3 Realistic Ways to Get Out of Bed in the Morning
It’s 7 A.M., my alarm goes off, and I can’t get out of bed this morning. Some days, when I’m feeling really ambitious, I hit ‘snooze’ and crawl out of my covers nine minutes later. Most days, however, I turn off the alarm and return to the safety of my slumber. When I finally wake up hours later to afternoon sunshine forcing its way through my eyelids, I feel disoriented, disappointed, and dysfunctional. I wonder why I can’t leave my bed.
I can’t always identify the cause of my morning paralysis. Sometimes I’m stressed for the day ahead, whether there’s a legitimate reason to be or not. Sometimes I’m physically exhausted, despite 10 hours of sleep. Sometimes, there is no reason.
3 Simple Tips to Wake up and Get Out of Bed in the Morning
Everyone struggles to get out of bed in the morning at some point or another. Here are three tools to help your feet find the floor a bit faster.
1. Create a reason to get out of bed.
This may feel impossible, but one beautiful thing about life is that you can choose to do what nourishes you. You will still have days packed with responsibilities, but you will always have time to do one thing that you cherish. One moment to stop by your favorite café. One moment to hug a loved one. One moment to go for a short walk. When you wake up, create space in the coming day to do something deliberate. Even if it’s small, when you envision doing it, you will feel a sense of control and peace. Practicing this in the morning will remind you that you can create meaningful moments in your day.
2. Seek help from a friend.
Having a close friend to check that you’ve gotten out of bed can motivate you to rub the creases in your eyes and start the day on your feet. In addition to keeping you accountable, your friend might talk you through the process when your blankets and sheets are extra crispy-cozy. Sometimes I ask my mom to call me at a certain time to make sure that I’m out of bed. It’s important to choose a friend who will be supportive, not demeaning, when you struggle.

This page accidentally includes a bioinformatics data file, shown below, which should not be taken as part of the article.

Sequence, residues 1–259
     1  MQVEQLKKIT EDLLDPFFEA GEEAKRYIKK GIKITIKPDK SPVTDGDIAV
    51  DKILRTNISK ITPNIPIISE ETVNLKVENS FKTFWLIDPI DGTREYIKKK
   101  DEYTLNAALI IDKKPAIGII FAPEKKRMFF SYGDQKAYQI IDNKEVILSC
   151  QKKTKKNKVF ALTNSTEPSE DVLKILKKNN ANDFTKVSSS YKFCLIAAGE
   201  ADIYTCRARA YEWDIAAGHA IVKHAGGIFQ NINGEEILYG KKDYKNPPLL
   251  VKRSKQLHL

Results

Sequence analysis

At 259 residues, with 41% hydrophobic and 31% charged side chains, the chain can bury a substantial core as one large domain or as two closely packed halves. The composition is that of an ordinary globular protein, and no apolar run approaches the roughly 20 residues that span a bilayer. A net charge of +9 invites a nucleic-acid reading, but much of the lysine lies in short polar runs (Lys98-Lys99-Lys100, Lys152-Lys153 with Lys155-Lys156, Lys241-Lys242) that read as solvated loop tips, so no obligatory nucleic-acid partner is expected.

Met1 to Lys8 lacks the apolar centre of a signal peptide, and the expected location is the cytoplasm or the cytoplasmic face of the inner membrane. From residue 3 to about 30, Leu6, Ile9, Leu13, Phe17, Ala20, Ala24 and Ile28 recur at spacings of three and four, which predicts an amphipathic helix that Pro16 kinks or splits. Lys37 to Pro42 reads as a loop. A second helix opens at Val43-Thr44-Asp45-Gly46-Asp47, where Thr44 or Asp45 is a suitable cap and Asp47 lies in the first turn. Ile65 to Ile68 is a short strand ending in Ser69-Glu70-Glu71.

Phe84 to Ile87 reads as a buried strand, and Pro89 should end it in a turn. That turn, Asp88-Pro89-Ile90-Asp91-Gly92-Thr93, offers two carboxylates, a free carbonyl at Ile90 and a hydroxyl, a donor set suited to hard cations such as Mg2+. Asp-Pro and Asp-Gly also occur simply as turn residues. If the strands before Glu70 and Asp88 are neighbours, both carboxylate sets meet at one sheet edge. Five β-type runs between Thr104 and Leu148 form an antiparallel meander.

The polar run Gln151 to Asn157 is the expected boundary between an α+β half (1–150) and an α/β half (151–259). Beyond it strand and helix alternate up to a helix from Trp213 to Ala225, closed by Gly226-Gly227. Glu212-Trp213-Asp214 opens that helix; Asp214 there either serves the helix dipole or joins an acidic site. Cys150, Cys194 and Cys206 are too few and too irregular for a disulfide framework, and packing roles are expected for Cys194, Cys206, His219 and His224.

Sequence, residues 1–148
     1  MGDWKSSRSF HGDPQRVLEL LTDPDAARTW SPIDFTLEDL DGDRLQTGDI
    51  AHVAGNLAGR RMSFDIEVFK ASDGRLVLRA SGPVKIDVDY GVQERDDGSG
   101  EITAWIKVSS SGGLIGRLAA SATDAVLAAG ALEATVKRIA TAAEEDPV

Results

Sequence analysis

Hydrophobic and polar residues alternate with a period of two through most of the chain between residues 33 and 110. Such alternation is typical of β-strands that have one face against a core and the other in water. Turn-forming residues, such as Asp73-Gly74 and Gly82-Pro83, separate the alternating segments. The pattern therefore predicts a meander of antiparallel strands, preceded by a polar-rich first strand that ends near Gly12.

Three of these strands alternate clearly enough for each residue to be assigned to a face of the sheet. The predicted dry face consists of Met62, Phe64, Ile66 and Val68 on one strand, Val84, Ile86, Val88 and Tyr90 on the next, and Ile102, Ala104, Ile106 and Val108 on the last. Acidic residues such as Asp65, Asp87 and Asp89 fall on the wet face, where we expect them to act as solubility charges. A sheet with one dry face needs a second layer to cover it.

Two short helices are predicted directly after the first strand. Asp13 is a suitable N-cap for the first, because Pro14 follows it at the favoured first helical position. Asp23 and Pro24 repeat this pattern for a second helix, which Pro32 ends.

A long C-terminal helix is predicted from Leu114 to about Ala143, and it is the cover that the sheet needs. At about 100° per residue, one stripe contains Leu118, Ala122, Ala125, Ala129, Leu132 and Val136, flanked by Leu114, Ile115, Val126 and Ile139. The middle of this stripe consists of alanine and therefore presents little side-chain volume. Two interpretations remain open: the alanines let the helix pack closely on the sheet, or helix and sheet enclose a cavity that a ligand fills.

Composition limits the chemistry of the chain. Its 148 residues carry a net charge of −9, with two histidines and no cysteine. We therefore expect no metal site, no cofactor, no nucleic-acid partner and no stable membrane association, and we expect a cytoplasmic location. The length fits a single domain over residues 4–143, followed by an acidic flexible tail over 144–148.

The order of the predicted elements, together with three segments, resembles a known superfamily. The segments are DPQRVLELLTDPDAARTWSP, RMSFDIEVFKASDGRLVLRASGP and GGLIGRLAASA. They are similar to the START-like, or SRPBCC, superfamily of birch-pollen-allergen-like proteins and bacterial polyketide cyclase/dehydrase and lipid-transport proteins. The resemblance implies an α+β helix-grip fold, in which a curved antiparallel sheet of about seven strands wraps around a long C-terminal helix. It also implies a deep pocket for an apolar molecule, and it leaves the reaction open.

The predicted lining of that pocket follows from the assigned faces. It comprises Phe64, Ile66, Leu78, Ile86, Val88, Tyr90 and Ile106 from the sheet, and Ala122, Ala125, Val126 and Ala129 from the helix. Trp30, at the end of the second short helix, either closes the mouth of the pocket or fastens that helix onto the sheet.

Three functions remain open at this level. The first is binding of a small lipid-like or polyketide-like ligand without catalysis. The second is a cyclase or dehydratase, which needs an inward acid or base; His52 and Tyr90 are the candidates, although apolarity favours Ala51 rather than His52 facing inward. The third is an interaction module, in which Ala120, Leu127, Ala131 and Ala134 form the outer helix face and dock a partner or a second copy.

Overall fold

3. Do something before you check your phone.
When your phone is your alarm, it’s almost instinctive to refresh the inbox and start scrolling. However, going straight to your phone forces your morning inspiration out of the picture. It’s instant numbing, which isn’t a fabulous way to start the day. Now, this « something » can be the smallest thing. You don’t have to wait until your lunch break to check your phone. It can be bite-size. Stretch. Wash your face. Stand up and touch the wall. Open the blinds. Then, if you wish, pick up your phone. When you make this simple switch, odds are that you’ll spend less time on it.
Set Reasonable Goals For Getting Out of Bed in the Morning
It’s normal to feel motivated right after you set new goals. I fall victim to the classic goal-setting trap on a regular basis. I envision myself waking up each morning with a deep sense of purpose, going for a run, and preparing a nutritious three-course breakfast. I feel a surge of recommitment and I try to revolutionize my morning all at once. However, running headfirst into a well-meaning yet extreme goal like this is not sustainable. Three days in (maybe a week if I’m lucky), my resolve starts to crumble. I grow more discouraged than I was before.
I have learned that adjusting months (and possibly years) of habits happens gradually. Downsizing my goals until they are attainable has been a gamechanger. Instead of punishing myself for not reaching my goal, I rewrite the goal. Having realistic expectations of myself has been the most effective way to shorten the time I stay in bed each morning.
So start small. If it typically takes you an hour to get out of bed, reward yourself when it only takes you 57 minutes. If you’d like to exercise in the morning but have never woken up early enough, jog up and down the stairs and congratulate yourself for advancing closer to your goal. Recognize when you do a little better, and be gentle with yourself when you backtrack. Moment by moment, you can transform your mornings.
When you have a clinical mental illness, you might battle this on a deeper level. If these suggestions feel overwhelming to you, consider getting professional help. This article is directed to a more general audience to help with day-to-day wellness.